For years, charities across the globe have been encouraging students to join their volunteering programmes to help make a difference in the world. Volunteers are an integral part of any charitable organization; without them, there would be no charity. Not only can volunteering benefit a wealth of causes, but it can also boost a student’s prospects once they head out into the working world. Here’s a look into how volunteering can benefit a student’s future:
Volunteering can be a humbling experience, allowing you to see the world in a different way. Whether you agree to volunteer for a number of consecutive months or a day a week, the impact you have could be life-changing. There’s also a strong sense of achievement and pride that comes with generously giving up your time for a worthy cause.
Students are a key demographic for many voluntary schemes because they have a lot of free hours outside of term time to commit to helping out. Of course, fundraising is an extremely important part of any charity, particularly those without government funding who rely on donations. However, those with more time than money to give, such as students, can still make a difference.
When it comes to volunteering, there are countless opportunities at home or away. Many students choose to volunteer abroad to experience a new culture and learn more about other countries. Popular places with an abundance of culture that often recruit volunteers are the likes of Cambodia, Ghana, India, Kenya, and Tanzania.
In these places, volunteers will often be tasked with helping to teach children, support hospitals, build schools or animal conservation.
It can be a wonderful way to experience another country, with support and guidance during the stay from the organizations. Volunteering overseas involves more group-based work than volunteering at home. It also gives students the opportunity to get away from studies and work responsibilities.
At home, opportunities are likely to be helping with youth clubs, childcare support, medical support or charity shops. Working for a cause while at home will allow for flexibility around a student’s timetable, they may be able to give up some of their spare time at the weekend or a few hours in the evening.
On the other hand, volunteering abroad is often over a period of a month or two, meaning that you need to have a significant amount of free time available. Sometimes the volunteering programme goes so well that the student doesn’t want to return!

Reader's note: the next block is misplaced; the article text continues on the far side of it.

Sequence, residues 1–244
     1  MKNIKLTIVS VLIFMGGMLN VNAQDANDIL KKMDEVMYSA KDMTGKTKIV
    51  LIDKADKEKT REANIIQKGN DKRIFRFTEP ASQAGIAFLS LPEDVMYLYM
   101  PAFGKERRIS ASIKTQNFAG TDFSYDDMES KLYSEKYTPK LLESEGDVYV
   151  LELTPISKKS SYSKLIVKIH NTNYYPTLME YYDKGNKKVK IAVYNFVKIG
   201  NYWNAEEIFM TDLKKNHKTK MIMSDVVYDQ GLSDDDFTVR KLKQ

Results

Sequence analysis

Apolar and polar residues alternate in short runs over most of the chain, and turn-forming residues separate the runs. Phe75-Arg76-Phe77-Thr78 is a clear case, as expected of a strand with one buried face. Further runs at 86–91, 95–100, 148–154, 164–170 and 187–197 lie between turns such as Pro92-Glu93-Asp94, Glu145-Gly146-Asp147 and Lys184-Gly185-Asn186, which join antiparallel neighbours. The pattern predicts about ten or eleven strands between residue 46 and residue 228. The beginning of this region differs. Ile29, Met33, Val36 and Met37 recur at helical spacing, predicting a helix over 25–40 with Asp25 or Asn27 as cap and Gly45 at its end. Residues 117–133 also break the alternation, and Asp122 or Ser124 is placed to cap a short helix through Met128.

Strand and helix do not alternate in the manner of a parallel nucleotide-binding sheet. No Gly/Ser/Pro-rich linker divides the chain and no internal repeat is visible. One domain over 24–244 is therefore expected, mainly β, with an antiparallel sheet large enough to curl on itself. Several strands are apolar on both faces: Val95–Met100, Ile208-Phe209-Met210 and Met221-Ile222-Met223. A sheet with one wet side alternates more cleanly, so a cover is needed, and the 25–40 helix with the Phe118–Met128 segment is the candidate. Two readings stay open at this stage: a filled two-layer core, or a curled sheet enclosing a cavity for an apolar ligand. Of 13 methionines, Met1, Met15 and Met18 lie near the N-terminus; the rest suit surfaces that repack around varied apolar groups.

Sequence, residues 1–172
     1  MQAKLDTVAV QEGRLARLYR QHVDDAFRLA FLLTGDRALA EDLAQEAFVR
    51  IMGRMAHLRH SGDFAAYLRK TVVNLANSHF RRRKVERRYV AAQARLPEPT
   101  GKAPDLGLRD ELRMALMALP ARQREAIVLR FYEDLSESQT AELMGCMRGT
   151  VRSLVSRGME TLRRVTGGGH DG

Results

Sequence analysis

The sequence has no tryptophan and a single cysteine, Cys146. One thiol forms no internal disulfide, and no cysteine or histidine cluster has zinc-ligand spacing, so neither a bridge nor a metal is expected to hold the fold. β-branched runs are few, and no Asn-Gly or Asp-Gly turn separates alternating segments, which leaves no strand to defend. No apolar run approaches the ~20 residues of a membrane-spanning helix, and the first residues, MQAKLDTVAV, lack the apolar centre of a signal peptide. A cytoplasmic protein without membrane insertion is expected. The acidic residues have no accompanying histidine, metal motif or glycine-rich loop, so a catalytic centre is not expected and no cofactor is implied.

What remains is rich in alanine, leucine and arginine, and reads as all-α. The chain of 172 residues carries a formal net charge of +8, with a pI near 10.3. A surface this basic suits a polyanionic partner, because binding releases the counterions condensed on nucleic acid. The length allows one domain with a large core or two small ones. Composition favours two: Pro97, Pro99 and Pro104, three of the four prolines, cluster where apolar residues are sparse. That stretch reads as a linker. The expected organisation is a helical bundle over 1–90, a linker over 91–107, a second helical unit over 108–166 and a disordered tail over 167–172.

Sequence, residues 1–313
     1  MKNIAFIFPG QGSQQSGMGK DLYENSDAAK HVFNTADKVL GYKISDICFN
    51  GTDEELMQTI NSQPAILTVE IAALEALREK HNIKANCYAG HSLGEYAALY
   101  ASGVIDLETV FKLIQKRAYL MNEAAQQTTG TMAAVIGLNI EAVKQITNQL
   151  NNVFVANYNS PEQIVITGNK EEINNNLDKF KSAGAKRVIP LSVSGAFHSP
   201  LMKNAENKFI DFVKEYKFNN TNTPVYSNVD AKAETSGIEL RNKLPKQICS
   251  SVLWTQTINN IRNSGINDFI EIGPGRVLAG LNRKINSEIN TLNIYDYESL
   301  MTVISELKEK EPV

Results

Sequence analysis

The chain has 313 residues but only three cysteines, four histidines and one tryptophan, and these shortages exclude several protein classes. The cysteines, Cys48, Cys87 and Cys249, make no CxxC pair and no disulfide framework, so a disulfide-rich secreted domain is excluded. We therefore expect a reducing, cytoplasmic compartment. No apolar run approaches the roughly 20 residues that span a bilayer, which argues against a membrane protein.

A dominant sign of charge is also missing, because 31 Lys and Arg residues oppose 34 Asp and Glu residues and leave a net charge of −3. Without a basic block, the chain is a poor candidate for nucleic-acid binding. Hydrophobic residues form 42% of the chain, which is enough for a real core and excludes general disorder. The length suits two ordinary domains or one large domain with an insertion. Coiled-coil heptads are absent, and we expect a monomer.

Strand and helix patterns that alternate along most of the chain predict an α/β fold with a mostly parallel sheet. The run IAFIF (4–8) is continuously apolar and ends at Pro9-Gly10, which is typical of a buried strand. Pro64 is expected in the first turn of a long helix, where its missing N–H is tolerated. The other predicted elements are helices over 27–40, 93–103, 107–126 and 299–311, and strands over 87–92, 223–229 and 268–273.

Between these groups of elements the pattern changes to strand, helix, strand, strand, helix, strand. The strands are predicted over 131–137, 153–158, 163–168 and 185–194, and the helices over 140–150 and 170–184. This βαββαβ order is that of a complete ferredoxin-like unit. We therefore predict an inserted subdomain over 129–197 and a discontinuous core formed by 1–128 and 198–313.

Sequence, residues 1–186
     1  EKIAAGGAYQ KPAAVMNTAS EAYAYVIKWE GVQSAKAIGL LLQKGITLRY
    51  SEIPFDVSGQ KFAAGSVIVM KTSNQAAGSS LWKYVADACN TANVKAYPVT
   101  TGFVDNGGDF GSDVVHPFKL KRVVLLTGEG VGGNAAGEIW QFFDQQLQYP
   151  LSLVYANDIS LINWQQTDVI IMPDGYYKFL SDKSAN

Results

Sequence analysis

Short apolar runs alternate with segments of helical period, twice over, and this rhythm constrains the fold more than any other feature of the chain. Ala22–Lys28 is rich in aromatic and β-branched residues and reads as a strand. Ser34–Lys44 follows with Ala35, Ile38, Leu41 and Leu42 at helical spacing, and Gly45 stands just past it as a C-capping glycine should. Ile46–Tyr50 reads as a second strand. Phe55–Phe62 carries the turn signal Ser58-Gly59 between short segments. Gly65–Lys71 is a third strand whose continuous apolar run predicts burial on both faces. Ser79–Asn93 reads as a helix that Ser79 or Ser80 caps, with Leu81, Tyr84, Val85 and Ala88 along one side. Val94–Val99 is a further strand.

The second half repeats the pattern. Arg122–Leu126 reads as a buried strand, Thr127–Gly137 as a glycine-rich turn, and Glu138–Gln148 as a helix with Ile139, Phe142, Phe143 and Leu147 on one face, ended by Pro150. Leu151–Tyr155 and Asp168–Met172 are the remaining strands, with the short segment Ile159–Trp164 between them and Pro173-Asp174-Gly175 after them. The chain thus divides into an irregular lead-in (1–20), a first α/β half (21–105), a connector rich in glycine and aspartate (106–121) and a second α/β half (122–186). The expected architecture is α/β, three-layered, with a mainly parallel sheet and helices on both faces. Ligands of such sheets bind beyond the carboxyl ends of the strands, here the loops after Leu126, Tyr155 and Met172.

Plenty of people have left their jobs to help organizations around the world, in which case they need to apply for Visas specific to the country. For example, those volunteering in the UK who want to stay need to apply for British citizenship.
Alternatively, for many countries, a volunteer might need to apply for British citizenship. There are a number of organizations who are always looking for volunteers, and they’ll be able to assist with this process. Both are worthwhile ways of giving back to the community, it’s completely up to the individual as to which they would prefer.
It may seem obvious, but the rewarding aspect of volunteering is why so many are drawn to it. First and foremost, volunteering should be about helping those in need. However, there’s no denying the personally satisfying benefits of dedicating your time to volunteer.
It’s an extremely rewarding experience, and students may even find themselves putting their own problems into perspective. This is particularly the case when students decide to go abroad and work for a cause. The process of learning about different cultures and how other people live day-to-day can be eye-opening.
It can be easy to get consumed in your day-to-day life, particularly as a student with pressures of deadlines and studying for exams. Volunteering can be an escape from the daily routine, allowing to make a difference while also getting away from studies for a much-needed break.
When researching the best program to get involved in, students have the opportunity to look into each organization’s mission statement and find the one that most falls in line with what volunteering means to them. They should take the time to consider what it is that they are really passionate about, and how it could bring about change.
Where possible, it can be beneficial for students to search for roles in their field. It can be one of the best ways to truly gain some hands-on experience in their desired industry. Even skills that may be considered unrelated to an industry can still hold value as life-skills, or transferable skills.